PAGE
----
In this original and significant contribution to literary controversy, first published in 1989, Professor Jackson argues on semantic grounds that historical criticism, which he defines as the attempt to read works of literature and criticism as they were read when they were new, is a necessary preliminary to other ways of approaching the literature of the past. He distinguishes between the difficulties inherent in the practice of historical critics and the problems encountered by historians. Historical criticism as he describes it is an ideal that has yet to be attained and he explores strategies for coming closer to it. This title will be of interest to students of literature.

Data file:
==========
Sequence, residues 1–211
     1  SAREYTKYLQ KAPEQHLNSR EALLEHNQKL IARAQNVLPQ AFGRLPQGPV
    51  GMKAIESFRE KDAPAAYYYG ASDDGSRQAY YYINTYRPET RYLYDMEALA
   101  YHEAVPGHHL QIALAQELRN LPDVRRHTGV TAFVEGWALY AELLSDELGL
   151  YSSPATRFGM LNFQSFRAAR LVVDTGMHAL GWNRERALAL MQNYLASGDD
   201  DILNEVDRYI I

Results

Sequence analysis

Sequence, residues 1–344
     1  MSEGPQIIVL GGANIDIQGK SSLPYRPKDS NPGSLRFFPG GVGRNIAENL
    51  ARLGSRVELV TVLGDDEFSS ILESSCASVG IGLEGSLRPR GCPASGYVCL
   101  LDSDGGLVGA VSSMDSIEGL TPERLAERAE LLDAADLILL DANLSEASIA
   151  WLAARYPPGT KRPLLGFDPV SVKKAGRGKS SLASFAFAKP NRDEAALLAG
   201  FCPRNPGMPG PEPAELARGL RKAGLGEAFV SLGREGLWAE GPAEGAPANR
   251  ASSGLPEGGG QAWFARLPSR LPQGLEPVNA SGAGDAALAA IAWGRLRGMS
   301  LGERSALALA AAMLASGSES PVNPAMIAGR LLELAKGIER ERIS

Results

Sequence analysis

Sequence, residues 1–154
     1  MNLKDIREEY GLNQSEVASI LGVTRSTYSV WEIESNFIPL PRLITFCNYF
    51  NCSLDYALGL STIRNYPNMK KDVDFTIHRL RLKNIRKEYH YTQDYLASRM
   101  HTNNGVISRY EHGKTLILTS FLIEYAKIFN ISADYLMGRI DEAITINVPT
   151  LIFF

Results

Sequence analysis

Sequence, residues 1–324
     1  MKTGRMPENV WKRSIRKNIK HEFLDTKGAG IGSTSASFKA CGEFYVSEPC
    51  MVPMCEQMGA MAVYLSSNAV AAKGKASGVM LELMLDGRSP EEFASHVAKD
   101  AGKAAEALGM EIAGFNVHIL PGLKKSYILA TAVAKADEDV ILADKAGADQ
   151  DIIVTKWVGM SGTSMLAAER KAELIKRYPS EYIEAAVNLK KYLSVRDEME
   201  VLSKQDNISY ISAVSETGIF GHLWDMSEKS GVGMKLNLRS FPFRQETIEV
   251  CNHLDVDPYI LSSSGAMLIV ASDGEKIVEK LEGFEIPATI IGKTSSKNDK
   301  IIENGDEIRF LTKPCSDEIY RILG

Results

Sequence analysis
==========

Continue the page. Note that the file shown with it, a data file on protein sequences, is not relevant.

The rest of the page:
Publisher: Taylor & Francis Ltd
Number of pages: 174
Weight: 91 g
Dimensions: 235 x 159 mm
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